Tommy Lee Jones may have won an Oscar for his surprisingly sympathetic depiction of Deputy U.S. Marshal Sam Gerard, but it was Ford who made the doctor wrongfully accused of murdering his wife a relatable action star. Ford never loses the vulnerability he shows when Kimble discovers his wife’s body, and his subsequent imprisonment is tough to watch. Kimble retains his shell-shocked state throughout the film, making his daring attempts at avoiding authorities more exciting.
Ford finds Kimble’s inner strength over the course of his search for the culprit, and he dramatically handles the shift from heartbreak to anger when Kimble realizes that one of his own friends is to blame. The meticulous pacing makes Kimble’s escape from the prison truck and his iconic jump into the waterfall stand out. It’s a great performance; all of these years later, it still feels like Ford was snubbed when he wasn’t nominated for an Academy Award.
There are few character introductions as iconic as Indiana Jones’ iconic first dash through that booby-trapped Peruvian temple. Dr. Henry Jones exemplifies the very best of Ford’s abilities: He’s a vulnerable hero whose nobility limits his fame. Indy never was just an ass-kicking action star. He’s a brilliant professor with an anti-authority streak who outsmarts his opponents just as often as he beats them up.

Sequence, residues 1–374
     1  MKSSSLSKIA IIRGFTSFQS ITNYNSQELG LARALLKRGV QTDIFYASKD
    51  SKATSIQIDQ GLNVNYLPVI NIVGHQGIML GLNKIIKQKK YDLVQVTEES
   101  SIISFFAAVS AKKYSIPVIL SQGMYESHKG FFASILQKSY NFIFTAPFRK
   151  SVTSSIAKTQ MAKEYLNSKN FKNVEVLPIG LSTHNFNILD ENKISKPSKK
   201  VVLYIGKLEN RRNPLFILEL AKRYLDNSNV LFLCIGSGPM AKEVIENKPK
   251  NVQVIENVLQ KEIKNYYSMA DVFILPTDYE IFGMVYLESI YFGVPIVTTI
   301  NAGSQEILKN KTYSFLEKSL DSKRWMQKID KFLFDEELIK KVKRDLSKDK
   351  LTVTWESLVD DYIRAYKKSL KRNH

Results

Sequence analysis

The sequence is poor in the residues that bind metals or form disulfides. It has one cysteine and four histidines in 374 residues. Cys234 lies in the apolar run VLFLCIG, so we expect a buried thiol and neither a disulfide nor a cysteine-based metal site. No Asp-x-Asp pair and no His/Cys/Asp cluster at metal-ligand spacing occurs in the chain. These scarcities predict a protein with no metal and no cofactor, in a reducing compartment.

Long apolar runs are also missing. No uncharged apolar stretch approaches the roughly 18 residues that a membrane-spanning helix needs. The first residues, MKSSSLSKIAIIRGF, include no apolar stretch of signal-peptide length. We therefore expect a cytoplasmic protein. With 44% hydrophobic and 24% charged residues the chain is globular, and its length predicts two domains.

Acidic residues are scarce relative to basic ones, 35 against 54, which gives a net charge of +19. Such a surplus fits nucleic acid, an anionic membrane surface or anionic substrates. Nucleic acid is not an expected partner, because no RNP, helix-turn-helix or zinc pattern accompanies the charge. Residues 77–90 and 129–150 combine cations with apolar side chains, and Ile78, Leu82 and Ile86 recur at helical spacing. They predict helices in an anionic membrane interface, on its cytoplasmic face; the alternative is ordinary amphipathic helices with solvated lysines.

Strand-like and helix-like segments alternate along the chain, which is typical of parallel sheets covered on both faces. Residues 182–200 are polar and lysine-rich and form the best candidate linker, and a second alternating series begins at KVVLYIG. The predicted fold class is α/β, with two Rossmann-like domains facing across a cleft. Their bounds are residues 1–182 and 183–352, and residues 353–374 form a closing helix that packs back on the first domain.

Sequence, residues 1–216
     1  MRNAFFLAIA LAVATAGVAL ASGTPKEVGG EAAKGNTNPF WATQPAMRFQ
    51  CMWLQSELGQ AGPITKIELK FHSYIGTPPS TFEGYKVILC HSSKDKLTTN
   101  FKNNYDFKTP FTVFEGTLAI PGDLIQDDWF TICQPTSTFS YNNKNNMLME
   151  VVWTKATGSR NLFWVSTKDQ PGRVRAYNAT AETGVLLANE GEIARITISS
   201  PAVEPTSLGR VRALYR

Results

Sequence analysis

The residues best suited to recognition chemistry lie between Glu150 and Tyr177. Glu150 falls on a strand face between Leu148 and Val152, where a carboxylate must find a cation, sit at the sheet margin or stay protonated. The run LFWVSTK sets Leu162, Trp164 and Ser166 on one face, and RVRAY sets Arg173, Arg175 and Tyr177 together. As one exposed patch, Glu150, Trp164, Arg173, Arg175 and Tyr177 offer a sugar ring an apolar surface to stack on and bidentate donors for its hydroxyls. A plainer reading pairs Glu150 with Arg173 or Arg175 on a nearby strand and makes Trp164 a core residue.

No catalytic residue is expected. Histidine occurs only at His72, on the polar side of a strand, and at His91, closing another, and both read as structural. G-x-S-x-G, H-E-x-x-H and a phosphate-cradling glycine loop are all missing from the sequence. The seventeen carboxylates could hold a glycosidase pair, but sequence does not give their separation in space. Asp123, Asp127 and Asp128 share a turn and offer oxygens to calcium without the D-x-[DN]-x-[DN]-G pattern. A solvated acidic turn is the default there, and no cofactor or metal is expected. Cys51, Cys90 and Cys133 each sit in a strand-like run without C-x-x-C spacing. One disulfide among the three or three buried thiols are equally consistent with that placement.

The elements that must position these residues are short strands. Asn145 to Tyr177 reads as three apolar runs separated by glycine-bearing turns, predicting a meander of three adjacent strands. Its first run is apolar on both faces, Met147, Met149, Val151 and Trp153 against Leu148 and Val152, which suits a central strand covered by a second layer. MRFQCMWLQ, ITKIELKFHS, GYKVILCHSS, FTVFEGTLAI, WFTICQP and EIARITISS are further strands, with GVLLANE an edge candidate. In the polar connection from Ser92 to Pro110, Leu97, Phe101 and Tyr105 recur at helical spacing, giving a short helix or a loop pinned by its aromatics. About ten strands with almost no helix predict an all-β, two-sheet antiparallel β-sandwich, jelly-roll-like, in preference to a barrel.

Ford’s mix of gravitas and humor is integral to making Indiana Jones the star he is. While Ford can pull off physical gags, such as Indy’s quick kill of the haughty swordsman, he’s also more than capable of tackling the more serious romantic moments with Marion Ravenwood (Karen Allen). His physicality seems believable, too, even when he’s brawling with a muscle-bound mechanic outside of an airplane or being dragged through the dirt by a truck. Indy frequently gets his butt kicked; unlike other action heroes, he always seems like a real, regular person.
Ford is just as good in the rest of the series. Although Spielberg was dissatisfied with “Temple of Doom,” Ford played up Indy’s darker side, and the brilliant “The Last Crusade” gave him an excellent onscreen dad in Sean Connery. Ford even managed to maintain his dignity in the disappointing “Kingdom of the Crystal Skull,” and expectations are high for the upcoming fifth installment from director James Mangold.
This content was originally published here.